Swift J164449.3+573451 (AKA GRB110328A): A new candidate SFXT?
ATel #3242; J. A. Kennea (PSU), P. Romano (INAF-IASF Palermo), H. A. Krimm (CRESST/GSFC/NASA), J. Cummings (NASA/UMBC), D. N. Burrows (PSU), G. Tagliaferri (INAF-OAB), P. A. Evans (U Leicester), S. D. Barthelmy (NASA/GSFC), A. A. Breeveld (UCL-MSSL), J. M. Gelbord (PSU)
on 28 Mar 2011; 21:12 UT
Distributed as an Instant Email Notice Transients
Credential Certification: Jamie A. Kennea (firstname.lastname@example.org)
Subjects: X-ray, Transient
At 12:57 UT on 2011-Mar-28 Swift/BAT triggered on a newly discovered transient source, initially thought to be a new GRB, GRB110328A (Cummings et al., GCN #11823). A second BAT trigger on this source at 13:40UT on 2011-Mar-28, cast doubt on the GRB nature of this source (Barthelmy et al., GCN #11824), and it is likely that the triggering source is a hard galactic X-ray transient, which was named Swift J164449.3+573451. The most accurate position for this transient is RA, Dec = 251.20787, +57.58334 which is equivalent to:
RA (J2000): 16h 44m 49.89s
Dec (J2000): +57d 35' 00.0"
with an uncertainty of 1.7 arcsec (radius, 90% confidence), reported by Osborne et al., GCN #11826. This location does not correspond with any known cataloged object, and examination of a 6.5ks ROSAT PSPC observation taken on 1990-Jun-01 shows no detection of the source, from which we extrapolate an 3-sigma upper limit of 2.5 x 10^-13 erg/s/cm-2 in the XRT 0.3-10 keV band.
Examining the first two orbits of Swift/XRT data, we observe the following. In the first orbit the source is initially detected at a rate of ~10 XRT count/s, rising to ~50 c/s at the end of the first orbit. During this period the spectrum can be fit by an absorbed power-law model with a photon index of 1.66 +/- 0.04. The source also showed enhanced absorption over the expected galactic value of 1.7x10^20 cm^-2, with an additional absorption component of 7.4 +/- 0.4 x 10^21 cm^-2. The average flux, uncorrected for absorption, was 9.5 x 10^-10 erg/s/cm^2 (0.3-10 keV).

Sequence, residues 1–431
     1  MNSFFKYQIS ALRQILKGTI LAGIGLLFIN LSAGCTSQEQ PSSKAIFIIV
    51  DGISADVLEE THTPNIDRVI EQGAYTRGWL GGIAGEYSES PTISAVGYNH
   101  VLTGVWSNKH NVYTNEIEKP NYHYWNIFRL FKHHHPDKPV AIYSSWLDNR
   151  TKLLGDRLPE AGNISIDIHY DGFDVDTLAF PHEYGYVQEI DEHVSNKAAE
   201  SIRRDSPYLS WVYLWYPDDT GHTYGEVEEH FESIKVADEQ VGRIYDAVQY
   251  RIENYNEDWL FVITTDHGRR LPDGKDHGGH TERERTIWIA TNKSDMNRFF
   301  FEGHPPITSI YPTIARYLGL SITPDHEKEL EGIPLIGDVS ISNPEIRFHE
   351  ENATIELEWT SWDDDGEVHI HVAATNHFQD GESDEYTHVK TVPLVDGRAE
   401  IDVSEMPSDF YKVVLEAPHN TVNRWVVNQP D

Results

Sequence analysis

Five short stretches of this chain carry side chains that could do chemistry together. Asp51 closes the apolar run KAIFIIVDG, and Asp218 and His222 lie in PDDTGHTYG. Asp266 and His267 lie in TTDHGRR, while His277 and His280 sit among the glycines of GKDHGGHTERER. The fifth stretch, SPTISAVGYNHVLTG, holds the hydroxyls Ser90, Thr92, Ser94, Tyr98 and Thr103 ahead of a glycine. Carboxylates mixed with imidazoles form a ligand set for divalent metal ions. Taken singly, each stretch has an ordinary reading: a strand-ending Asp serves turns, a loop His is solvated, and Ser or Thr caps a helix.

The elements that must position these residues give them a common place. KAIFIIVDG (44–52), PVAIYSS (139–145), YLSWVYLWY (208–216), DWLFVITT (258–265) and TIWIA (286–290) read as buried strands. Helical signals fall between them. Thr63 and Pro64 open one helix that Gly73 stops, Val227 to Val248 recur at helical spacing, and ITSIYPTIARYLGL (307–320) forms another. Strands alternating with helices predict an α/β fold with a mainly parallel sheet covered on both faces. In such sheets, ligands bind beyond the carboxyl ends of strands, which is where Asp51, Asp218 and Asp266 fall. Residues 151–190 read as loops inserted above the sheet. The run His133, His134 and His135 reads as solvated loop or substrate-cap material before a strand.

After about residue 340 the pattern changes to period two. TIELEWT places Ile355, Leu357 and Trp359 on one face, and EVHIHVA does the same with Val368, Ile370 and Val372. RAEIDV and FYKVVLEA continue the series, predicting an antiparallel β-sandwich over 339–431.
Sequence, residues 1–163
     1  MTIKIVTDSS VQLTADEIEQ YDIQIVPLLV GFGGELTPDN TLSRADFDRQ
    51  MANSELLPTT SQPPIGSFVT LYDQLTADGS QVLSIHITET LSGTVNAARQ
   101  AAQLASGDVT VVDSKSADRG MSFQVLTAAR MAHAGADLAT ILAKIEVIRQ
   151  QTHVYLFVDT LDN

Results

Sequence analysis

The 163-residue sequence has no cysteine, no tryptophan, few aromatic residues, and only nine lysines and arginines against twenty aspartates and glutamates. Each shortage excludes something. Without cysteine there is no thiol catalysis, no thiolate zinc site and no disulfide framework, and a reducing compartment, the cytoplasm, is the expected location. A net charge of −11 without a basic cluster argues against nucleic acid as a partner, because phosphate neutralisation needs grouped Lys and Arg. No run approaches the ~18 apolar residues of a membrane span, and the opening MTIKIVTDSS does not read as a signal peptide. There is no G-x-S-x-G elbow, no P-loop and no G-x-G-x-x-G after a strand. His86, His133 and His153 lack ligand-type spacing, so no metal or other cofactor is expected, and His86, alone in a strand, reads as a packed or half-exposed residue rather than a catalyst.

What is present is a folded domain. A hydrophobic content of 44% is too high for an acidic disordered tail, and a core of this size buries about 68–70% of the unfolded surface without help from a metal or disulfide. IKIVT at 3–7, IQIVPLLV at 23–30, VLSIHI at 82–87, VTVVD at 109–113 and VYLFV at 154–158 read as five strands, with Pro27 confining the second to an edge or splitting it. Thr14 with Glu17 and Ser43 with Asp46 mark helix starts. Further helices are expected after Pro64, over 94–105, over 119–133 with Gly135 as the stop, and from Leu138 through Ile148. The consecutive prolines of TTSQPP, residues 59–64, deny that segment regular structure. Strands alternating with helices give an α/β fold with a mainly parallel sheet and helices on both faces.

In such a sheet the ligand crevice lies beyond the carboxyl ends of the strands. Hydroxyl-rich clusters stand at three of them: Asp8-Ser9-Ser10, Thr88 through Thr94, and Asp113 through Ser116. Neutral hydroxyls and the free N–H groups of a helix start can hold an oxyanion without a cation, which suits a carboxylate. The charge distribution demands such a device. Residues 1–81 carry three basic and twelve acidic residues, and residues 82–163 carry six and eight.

In the second orbit the source had become much fainter (~1 c/s), and much softer, with a photon index of 2.97 +/- 0.35. The average flux in the 2nd orbit, uncorrected for absorption, was 3.3 x 10^-11 erg/s/cm^2 (0.3-10 keV).
We searched for emission at the outburst location in the BAT hard X-ray transient monitor in the 15-50 keV band. During the first trigger interval (1208s from 2011-Mar-28 12:57:50 UT), the source was detected at 0.022 +/- 0.004 ct/s/cm^2 (100 mCrab), fading somewhat by the second interval (1134s from 13:22 UT) to 0.019 +/- 0.002 ct/s/cm^2. The source was not in the BAT field of view for roughly 21 hours before the trigger, last appearing in the BAT FOV at 2011-Mar-27 16:05:28 UT. The source was not detected in this pointing.
When integrating the four days prior to the trigger (Mar 24-27) we see a 4.2-sigma excess (0.0028 +/- 0.0007 ct/s/cm2 or 13 mCrab) and the light curve on shorter time scales shows variation. There was no detection before Mar 24. This suggests that the source was active in hard X rays for several days before the trigger.
We note that the overall behavior is not consistent with a GRB nature. However, there are striking similarities with what was observed during the 2008 March 19 outburst of the supergiant fast X-ray transient (SFXT) IGR J16479-4514 (Romano et al 2008, ApJ, 680, L137) starting from the double triggering of the BAT. The shape of the IGR J16479-4514 light curve was also rising to a peak that reached about 60 c/s at the end of the first orbit followed by a much dimmer, 0.5 c/s, second orbit. The photon index was 0.98+/-0.07 and 2.6+/-0.7 in the first and second orbit, respectively, with absorption in excess of the expected Galactic value.
Given these similarities, the large dynamic range of ~50 shown in the light curve of Swift J164449.3+573451, and a record of hard X-ray activity preceding the BAT triggers, we suggest that this may be a new SFXT candidate, despite the location off the Galactic plane. We also note that despite the low extinction towards this object (E(B-V) = 0.019, Schlegel et al., 1998), there is no detection of an optical counterpart by UVOT with an 3 sigma upper limit of v>20. Levan et al. (GCN #11825) also report an upper limit of r>22.2.
Further observations at all wavelengths are strongly encouraged.